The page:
Sunday, April 19, 2015

Trial & Litigation Section: New Pleading Requirements for Mortgage Foreclosures

By Morgan W. Streetman

Residential mortgage foreclosures remain a minefield for the unwary practitioner.  Without much notice and over the holiday season last year, the Florida Supreme Court made fast-track out-of-cycle changes to the pleading requirements for mortgage foreclosures.

In In Re Amendments to the Florida Rules of Civil Procedure, 153 So. 3d 258 (2014), the court adopts the amendments effective immediately, without the usual 60-day comment period preceding such changes. Though not explicitly stated in the opinion, the comment period appears to have been suspended until after adoption in an effort to more timely conform the Florida Rules of Civil Procedure to the legislative mandate of Chapter 2013-137, Laws of Florida. (The court's opinion misidentifies the relevant citation to the Laws of Florida; Chapter 2013-137 is the correct reference.)

The court adopts the new Rule 1.115, which relates only to pleading mortgage foreclosures. The verification requirement has been moved from Rule 1.110, the general pleading rule, into the new Rule 1.115 with a slight change in wording. The verification has been changed from being under “penalty” of perjury to being under “penalties” of perjury, though the legal effect of such a change is not clear. The Supreme Court also adopted new forms to comply with the new rule, which make it relatively straightforward for practitioners to comply with the changes.

Essentially, the amendments require the plaintiff in a mortgage foreclosure case to specifically allege the location, possession, ownership, and condition of the mortgage and note. The new forms indicate that case-specific facts are required to establish the right to foreclosure where a plaintiff is acting under an entitlement of law or a delegation of authority, as required by the statutory changes. See § 702.015(2)-(5), Fla. Stat. (2014).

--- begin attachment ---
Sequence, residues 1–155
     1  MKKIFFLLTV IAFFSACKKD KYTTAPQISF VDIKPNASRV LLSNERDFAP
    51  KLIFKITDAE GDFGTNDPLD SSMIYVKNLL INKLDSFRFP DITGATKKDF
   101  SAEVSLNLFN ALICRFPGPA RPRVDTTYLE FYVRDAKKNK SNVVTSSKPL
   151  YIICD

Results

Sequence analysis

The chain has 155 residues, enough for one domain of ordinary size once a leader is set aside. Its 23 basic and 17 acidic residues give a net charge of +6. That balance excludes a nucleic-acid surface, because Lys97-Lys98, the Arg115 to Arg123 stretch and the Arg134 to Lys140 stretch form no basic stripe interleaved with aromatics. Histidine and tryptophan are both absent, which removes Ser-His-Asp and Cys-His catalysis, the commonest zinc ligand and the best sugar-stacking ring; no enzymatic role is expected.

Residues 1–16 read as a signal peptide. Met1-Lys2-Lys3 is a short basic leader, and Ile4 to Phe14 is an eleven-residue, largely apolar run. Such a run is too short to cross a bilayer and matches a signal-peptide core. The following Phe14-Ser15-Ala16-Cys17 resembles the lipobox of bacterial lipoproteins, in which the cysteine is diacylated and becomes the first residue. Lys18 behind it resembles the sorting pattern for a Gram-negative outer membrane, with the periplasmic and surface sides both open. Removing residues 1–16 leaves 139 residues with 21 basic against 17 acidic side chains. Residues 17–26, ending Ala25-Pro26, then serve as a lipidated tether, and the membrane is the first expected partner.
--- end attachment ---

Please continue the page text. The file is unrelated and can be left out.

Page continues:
The Legislature enacted section 702.015, Florida Statutes, to help relieve Florida courts of the backlog of foreclosure cases by streamlining the issues and procedure for handling those cases. As it states, “The Legislature intends that this section expedite the foreclosure process by ensuring initial disclosure of a plaintiff’s status and the facts supporting that status, thereby ensuring the availability of documents necessary to the prosecution of the case.” § 702.015(1),  Fla. Stat. (2014).

The amendments to the Rules of Civil Procedure, like section 702.015, are designed to address the core of many of the arguments raised by foreclosure defendants regarding the actual ownership of their mortgages. These arguments were in many cases effective in slowing the pace of foreclosures because the speed and complications introduced by the financial industry had outpaced the development and understanding of the law governing the transactions. Banks and investors had to play catch-up in learning what they actually owned, or didn’t own, and many residential homeowners had to play catch-up in understanding the complex ownership of their mortgages and loans by securitized trusts.  

The changes to the Rules of Civil Procedure apply to all mortgage foreclosures filed on or after July 1, 2013, and have taken immediate effect. Practitioners should review their pending matters to address any unwaived pleading deficiencies, and they should remain vigilant in checking The Florida Bar’s website for the most up-to-date rules and forms.